are only synthesized
at a high rate if
lactose is present
AND glucose is low
Lactose is present but bacteria prefer to burn glucose
With glucose present, cAMP concentration is low in prokaryotes
RNA polymerase has some affinity without CAP so a low rate of
transcription occurs
β-galactosidase is an enzyme
necessary for hydrolyzing the
disaccharide lactose into the
monosaccharides glucose and
galactose
Explain what this graph
illustrates
There are 2 dependent
variables being measured
simultaneously
Population size of
bacterial colony
Enzyme needed for
lactose metabolism
activity
***you need to memorize that
glucose is the preferred and first
fuel utilized for energy
production
The independent
variable is time
The population is growing
exponentially
Growth at a faster
and faster rate
The bacteria are eating glucose
We know this because
the enzyme needed for
lactose metabolism is
not very active
Population growth rate slows
The bacteria have eaten all
of the glucose and are
beginning to eat lactose.
We know this because...
The enzyme needed to metabolize
lactose is being transcribed at a higher
rate. You know this because the activity
of the enzyme is increasing
Bacteria population is
growing exponentially again
The bacteria are able to
grow exponentially because
the enzyme necessary to
metabolize lactose is being
transcribed at a high rate
You know enzyme transcription is high
because enzyme activity is increasing
exponentially
There are 2 pieces of
information from this graph
that tell you bacteria prefer
to metabolize lactose over
glucose
There is much more
lactose available than
glucose, yet they eat
the glucose first
You know they ate the glucose first because the
enzyme needed to metabolize lactose increases
AFTER an initial population growth surge and once
enzyme activity increases, the population grows
again
Subobjective 2.18: I can make predictions about
how organisms use negative feedback
mechanisms to maintain their internal
environments.
57) How would a bacterium respond to changes
in the components of the lac and trp operons?
Predict how a bacterium would maintain homeostasis in an
environment with lots of tryptophan present and explain your logic
It would stop making tryptophan because tryptophan binds
allosterically to the repressor protein causing it to bind to the
operon and stop transcription
Predict how a bacterium would maintain homeostasis in an
environment with lots of lactose present and explain your logic
It would start making the enzymes needed to metabolize
lactose because lactose binds to the repressor protein
causing it to release from the operon and therefore allow
transcription
Predict how a bacterium would maintain homeostasis in an
environment with little tryptophan present and explain your logic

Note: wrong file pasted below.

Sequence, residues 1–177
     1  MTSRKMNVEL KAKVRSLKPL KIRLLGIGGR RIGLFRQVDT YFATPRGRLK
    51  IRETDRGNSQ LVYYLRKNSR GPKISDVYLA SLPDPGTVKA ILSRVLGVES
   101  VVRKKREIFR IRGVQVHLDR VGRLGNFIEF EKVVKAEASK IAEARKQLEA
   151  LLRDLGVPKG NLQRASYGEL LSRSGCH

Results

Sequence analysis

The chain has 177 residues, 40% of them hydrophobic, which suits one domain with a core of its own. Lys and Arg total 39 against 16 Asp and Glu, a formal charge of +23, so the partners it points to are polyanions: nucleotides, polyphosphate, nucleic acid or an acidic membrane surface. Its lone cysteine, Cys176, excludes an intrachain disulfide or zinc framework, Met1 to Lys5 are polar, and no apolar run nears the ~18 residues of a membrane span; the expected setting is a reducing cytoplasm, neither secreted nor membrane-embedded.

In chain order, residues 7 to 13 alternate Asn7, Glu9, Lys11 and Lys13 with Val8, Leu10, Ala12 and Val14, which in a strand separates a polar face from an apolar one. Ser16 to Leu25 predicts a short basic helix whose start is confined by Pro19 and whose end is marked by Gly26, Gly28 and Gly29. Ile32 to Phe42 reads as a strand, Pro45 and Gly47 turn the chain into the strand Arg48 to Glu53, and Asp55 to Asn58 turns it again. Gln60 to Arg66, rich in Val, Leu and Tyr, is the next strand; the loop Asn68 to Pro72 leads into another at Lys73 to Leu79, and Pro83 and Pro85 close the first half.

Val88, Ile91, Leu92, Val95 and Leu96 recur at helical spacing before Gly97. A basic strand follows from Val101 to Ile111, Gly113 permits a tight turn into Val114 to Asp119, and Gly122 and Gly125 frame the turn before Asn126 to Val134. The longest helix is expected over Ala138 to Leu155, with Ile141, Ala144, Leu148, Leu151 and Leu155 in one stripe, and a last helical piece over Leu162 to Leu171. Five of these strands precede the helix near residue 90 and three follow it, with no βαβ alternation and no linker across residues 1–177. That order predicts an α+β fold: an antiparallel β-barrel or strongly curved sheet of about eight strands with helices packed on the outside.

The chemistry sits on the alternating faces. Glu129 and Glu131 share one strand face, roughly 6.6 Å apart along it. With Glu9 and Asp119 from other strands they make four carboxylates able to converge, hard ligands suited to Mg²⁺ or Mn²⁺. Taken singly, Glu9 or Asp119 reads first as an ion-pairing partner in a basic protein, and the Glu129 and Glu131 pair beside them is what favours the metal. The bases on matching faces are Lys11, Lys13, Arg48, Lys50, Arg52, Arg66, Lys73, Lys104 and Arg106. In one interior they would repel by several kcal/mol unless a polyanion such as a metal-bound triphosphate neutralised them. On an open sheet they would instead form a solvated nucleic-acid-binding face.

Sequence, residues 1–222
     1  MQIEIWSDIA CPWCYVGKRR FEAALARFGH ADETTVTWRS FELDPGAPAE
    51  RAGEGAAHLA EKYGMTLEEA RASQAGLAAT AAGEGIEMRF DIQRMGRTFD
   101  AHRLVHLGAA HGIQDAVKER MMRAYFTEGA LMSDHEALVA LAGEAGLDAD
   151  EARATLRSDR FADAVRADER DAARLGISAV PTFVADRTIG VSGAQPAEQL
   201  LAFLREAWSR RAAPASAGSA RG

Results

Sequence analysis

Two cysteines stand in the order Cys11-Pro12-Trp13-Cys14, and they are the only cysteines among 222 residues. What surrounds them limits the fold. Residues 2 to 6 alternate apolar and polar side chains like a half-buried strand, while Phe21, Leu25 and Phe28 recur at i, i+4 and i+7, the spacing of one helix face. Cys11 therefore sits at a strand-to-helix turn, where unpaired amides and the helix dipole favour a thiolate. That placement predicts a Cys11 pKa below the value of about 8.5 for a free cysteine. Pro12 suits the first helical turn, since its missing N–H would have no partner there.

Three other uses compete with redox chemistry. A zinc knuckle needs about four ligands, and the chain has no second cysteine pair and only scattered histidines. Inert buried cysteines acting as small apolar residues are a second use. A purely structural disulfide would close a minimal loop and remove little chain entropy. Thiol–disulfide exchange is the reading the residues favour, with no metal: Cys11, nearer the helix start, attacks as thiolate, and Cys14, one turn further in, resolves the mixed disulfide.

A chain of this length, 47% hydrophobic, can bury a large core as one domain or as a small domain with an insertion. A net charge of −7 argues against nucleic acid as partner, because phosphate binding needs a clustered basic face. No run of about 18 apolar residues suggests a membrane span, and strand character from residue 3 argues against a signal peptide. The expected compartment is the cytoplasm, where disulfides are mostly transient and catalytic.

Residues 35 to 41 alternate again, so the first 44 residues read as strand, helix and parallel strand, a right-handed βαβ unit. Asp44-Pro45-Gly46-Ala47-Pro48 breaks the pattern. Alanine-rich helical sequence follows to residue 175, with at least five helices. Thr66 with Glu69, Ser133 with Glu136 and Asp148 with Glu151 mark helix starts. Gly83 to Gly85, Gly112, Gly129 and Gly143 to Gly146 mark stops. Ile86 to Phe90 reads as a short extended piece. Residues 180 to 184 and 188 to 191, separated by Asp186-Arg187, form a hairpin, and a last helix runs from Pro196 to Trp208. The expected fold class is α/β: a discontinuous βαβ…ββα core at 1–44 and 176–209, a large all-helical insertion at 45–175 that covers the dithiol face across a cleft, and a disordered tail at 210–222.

It would start making tryptophan because the repressor doesn’t
have the right shape to bind to the operator unless it binds to
tryptophan. Repressors do not bind permanently to operators
and corepressors. As tryptophan concentration decreases,
trypophan would disengage with the repressor and tryptophan
synthesis would begin
58) How would an organism maintain blood
glucose homeostasis if one of the components
were changed?
Explain what would happen if there was a mutation in the gene
that codes for the liver enzyme glycogen phosphorylase. This
enzyme hydrolyzes glycogen into glucose monomers.
After a meal, excess glucose would be taken up by liver
cells and stored as glycogen in response to the hormone
insulin
Between meals, the pancreas would secrete glucagon to
maintain blood glucose levels
However, the liver would not be able to respond to the
chemical signal so blood glucose levels would remain
low
Low insulin levels cause the
hypothalamus to feel hungry
You would seek out food to
increase blood glucose levels
The liver would enlarge as it
stores more and more glycogen
59) How would an organism maintain energy
homeostasis if one of the components were
changed?
What would happen if the leptin receptors in the hypothalamus did
not respond to leptin?
This is likely one of the causes of obesity. Obese people have
leptin levels that are higher than the quantity of adipose
tissue would predict. It is likely that the hypothalamus is not
responding to the signal from leptin saying, “we have enough
energy stored in our adipose tissue,” resulting in more energy
consumed than energy used (overeating).
The end result is a higher energy level homeostasis set point.
Most people stay at about the same weight year after year.
60) Why do people
pee a lot when
they drink beer?
Define pituitary gland
It is called the master
control gland because
its hormones regulate
many other endocrine
glands
Define signal transduction
The
biochemical
process
where a
signaling
molecule
triggers a
cascade of
events that
leads to a
cellular
response
Watch video before continuing